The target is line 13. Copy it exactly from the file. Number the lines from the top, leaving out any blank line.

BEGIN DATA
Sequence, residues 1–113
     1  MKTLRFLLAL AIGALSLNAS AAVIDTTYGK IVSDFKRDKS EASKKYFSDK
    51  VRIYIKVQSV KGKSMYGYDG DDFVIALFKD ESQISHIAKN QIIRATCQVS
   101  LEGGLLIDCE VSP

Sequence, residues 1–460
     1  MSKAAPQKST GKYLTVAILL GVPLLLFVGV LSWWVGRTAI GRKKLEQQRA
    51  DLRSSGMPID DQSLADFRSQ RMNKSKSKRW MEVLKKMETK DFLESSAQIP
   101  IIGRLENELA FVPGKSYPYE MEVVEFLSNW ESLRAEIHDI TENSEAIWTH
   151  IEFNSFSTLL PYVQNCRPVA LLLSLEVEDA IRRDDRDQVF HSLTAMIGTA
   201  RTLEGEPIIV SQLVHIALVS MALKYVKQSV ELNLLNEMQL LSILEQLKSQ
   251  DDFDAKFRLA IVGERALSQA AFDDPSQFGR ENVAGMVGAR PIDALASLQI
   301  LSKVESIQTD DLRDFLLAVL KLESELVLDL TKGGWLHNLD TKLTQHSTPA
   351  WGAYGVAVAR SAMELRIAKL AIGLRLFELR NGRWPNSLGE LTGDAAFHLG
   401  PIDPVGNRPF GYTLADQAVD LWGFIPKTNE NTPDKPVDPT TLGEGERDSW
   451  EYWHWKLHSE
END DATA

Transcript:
   351  WGAYGVAVAR SAMELRIAKL AIGLRLFELR NGRWPNSLGE LTGDAAFHLG